The temperature of the ground at around 2.0 m depth is relatively stable at approximately 10-14ºC. Whilst the temperature above ground can fluctuate at say close to zero during some harsh winters to mid 20’s °c during summer this stable below ground source can be used in conjunction with other systems to either heat or cool as required.
The use of the ground as a thermal storage device depends on correct interaction of the following energy handling processes:
- The thermal behavior of the earth’s geology at and near its surface
- The ground heat exchange process and selection of a suitable exchanger
- The device linking the ground heat exchanger to the building.
It is vital to know in detail the building’s energy load profile. Although there are many installations of varying types world wide, this technology is limited in some situations.
There are two basic types of closed loop systems, horizontal laid pipework and vertical pre-fabricated bored tube pipework. The former is installed in a similar fashion to an underfloor heating system with continuous loops of pipework buried around 1.8-2.0 metres below ground.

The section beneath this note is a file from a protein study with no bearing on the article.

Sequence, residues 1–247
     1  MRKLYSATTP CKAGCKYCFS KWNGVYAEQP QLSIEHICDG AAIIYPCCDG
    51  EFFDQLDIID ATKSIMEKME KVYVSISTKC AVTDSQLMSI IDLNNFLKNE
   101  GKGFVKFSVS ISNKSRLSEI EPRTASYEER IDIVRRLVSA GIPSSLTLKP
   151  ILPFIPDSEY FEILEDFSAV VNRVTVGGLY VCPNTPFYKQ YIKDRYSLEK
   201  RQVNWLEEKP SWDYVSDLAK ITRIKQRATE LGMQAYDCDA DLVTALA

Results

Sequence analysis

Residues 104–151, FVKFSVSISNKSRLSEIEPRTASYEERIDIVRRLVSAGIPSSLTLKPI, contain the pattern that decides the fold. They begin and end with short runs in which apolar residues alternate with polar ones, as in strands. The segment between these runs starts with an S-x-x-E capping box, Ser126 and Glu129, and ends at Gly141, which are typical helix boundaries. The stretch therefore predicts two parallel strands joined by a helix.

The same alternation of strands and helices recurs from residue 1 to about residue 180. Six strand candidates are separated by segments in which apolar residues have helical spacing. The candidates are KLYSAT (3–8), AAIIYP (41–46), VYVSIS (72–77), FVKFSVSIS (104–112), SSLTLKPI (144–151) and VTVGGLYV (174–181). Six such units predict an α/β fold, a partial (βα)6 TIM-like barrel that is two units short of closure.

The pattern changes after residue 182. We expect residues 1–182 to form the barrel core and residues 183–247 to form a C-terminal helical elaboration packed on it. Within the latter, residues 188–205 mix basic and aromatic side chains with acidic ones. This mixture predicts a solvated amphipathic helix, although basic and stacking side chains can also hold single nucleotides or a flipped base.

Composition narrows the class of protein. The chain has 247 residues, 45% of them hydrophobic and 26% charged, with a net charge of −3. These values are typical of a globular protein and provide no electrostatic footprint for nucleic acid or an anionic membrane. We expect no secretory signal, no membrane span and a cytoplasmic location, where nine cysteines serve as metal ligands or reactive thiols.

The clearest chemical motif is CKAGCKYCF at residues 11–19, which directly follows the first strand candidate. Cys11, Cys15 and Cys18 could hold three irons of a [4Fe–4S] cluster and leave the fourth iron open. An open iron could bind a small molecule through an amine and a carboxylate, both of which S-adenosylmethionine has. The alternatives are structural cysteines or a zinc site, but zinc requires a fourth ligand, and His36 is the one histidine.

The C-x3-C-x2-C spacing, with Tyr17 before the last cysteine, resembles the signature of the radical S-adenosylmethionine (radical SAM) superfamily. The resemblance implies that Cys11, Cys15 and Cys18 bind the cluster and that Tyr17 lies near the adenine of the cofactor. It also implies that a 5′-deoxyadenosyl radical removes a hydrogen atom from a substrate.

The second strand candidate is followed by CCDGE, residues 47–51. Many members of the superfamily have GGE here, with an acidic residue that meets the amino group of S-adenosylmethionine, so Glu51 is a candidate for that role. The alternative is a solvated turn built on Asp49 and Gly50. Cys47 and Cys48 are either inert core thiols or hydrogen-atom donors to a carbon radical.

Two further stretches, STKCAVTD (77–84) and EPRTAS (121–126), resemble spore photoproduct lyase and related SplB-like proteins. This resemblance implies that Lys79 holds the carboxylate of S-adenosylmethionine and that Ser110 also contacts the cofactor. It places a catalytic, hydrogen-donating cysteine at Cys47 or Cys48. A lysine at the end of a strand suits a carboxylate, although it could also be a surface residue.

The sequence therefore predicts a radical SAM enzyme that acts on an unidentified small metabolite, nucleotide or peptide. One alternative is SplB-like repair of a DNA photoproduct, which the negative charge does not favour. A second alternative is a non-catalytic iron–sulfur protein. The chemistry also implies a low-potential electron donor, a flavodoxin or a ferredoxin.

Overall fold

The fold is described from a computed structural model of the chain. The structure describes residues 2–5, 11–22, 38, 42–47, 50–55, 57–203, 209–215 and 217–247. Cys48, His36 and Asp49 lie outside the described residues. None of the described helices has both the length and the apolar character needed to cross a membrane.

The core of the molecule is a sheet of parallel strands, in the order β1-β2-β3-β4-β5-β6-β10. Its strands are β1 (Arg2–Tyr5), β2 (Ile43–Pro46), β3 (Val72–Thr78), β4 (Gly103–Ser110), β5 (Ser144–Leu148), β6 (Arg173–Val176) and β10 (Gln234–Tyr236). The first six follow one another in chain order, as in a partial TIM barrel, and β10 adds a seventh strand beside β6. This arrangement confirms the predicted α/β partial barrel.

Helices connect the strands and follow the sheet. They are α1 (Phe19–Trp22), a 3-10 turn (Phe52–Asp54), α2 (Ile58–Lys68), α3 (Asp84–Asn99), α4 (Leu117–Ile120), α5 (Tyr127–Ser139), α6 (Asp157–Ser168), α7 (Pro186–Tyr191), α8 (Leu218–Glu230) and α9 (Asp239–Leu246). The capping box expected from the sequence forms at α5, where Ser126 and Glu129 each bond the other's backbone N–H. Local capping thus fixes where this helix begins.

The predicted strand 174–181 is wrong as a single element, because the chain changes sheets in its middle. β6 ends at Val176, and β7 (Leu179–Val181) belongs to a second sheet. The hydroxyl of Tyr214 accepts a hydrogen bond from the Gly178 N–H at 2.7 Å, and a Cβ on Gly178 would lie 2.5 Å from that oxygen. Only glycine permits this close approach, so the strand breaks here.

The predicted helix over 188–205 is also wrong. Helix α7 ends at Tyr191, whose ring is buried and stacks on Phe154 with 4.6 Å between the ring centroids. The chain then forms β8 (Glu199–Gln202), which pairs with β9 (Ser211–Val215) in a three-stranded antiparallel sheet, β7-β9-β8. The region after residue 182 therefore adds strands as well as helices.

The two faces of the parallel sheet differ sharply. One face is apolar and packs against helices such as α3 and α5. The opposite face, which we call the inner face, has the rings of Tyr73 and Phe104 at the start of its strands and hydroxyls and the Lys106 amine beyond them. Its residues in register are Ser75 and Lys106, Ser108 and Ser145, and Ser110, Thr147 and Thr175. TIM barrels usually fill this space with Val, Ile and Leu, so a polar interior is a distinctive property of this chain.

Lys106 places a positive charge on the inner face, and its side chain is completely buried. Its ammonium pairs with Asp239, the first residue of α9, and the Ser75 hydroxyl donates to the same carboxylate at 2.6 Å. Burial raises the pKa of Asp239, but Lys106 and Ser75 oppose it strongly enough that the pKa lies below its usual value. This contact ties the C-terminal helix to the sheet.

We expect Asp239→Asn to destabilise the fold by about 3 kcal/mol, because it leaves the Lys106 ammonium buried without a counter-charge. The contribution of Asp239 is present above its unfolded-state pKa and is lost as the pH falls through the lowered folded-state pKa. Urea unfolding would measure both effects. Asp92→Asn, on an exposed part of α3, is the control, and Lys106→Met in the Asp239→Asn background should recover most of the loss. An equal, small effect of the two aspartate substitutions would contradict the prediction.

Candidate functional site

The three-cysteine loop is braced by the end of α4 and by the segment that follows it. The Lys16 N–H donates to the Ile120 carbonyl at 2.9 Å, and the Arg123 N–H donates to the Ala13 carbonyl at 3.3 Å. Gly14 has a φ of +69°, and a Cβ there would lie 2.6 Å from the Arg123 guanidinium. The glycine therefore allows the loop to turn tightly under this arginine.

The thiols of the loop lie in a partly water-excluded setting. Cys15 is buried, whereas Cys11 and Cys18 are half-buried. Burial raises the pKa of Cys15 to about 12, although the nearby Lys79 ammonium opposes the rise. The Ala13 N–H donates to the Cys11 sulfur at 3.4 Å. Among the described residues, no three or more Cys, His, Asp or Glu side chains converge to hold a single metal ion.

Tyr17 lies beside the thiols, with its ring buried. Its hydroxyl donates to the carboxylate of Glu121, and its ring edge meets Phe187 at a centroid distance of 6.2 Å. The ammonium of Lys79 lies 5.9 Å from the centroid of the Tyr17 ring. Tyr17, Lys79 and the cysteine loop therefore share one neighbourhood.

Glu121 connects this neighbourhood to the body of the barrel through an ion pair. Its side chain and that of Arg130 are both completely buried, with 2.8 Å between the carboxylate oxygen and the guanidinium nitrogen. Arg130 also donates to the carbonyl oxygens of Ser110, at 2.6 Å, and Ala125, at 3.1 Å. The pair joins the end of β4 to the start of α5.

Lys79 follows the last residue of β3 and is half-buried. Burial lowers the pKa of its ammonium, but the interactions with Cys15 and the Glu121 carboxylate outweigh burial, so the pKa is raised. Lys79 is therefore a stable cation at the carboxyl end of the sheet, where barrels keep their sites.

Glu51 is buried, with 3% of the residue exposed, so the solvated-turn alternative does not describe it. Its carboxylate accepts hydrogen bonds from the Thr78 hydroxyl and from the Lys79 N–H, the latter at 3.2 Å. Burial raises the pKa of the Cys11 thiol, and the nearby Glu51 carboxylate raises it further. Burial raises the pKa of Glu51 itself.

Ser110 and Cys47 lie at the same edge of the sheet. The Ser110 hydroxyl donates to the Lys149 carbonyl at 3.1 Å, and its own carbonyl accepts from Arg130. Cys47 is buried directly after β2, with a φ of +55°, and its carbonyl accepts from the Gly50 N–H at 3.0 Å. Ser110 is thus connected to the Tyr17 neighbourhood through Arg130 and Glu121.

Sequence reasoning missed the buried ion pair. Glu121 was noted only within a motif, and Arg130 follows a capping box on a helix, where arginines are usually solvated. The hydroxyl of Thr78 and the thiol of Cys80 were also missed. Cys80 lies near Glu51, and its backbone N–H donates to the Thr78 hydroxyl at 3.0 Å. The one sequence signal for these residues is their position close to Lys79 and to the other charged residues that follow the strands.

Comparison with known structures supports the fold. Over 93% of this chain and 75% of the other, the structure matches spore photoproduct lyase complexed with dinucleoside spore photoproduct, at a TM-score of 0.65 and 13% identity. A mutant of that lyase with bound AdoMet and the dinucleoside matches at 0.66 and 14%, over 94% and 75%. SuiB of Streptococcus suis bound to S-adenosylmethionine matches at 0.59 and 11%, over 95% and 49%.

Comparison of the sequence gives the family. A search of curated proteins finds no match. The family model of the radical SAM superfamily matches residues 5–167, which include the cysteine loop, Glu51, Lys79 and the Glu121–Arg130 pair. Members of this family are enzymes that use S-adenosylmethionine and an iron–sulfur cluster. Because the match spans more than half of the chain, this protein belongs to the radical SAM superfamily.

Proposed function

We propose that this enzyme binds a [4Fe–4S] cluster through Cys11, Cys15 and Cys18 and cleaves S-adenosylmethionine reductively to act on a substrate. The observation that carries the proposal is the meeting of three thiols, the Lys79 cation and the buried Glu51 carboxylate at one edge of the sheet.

The latter is installed by drilling several cores to a depth of between 30-100 metres using specialist equipment and backfilling ‘grout’.
In reality the horizontal type system is more suited to a new build where plenty of open ground is available to bury pipework.
The vertical type system is suited to sites where space is limited, however the drilling is a specialist exercise and therefore costly.
This type of system would also require to have a conventional oil or gas fired system as backup.